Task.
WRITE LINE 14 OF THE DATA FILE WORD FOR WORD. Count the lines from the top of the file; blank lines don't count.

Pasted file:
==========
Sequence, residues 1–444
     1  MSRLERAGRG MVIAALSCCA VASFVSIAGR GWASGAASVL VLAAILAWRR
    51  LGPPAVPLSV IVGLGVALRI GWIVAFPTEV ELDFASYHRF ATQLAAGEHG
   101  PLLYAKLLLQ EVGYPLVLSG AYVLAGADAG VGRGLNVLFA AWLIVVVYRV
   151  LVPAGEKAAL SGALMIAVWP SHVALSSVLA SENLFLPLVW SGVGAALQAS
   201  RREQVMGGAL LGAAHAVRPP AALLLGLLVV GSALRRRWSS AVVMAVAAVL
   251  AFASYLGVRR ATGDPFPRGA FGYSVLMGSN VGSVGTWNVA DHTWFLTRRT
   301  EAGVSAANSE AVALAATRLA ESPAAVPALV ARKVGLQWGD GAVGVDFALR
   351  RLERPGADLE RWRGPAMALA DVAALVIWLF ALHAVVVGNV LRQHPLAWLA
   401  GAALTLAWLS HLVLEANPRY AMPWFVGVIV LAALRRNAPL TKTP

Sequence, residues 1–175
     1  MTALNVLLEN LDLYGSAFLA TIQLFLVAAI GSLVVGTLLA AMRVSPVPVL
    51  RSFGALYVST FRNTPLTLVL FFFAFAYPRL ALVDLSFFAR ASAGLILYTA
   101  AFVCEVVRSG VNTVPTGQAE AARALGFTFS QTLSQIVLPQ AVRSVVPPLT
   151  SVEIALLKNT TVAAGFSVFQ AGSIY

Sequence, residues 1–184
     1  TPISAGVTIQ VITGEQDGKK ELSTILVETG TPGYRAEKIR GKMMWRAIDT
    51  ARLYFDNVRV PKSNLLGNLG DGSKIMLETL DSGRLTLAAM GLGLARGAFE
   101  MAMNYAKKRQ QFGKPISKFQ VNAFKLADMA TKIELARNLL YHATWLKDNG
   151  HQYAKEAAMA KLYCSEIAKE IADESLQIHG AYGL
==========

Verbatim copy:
   101  AFVCEVVRSG VNTVPTGQAE AARALGFTFS QTLSQIVLPQ AVRSVVPPLT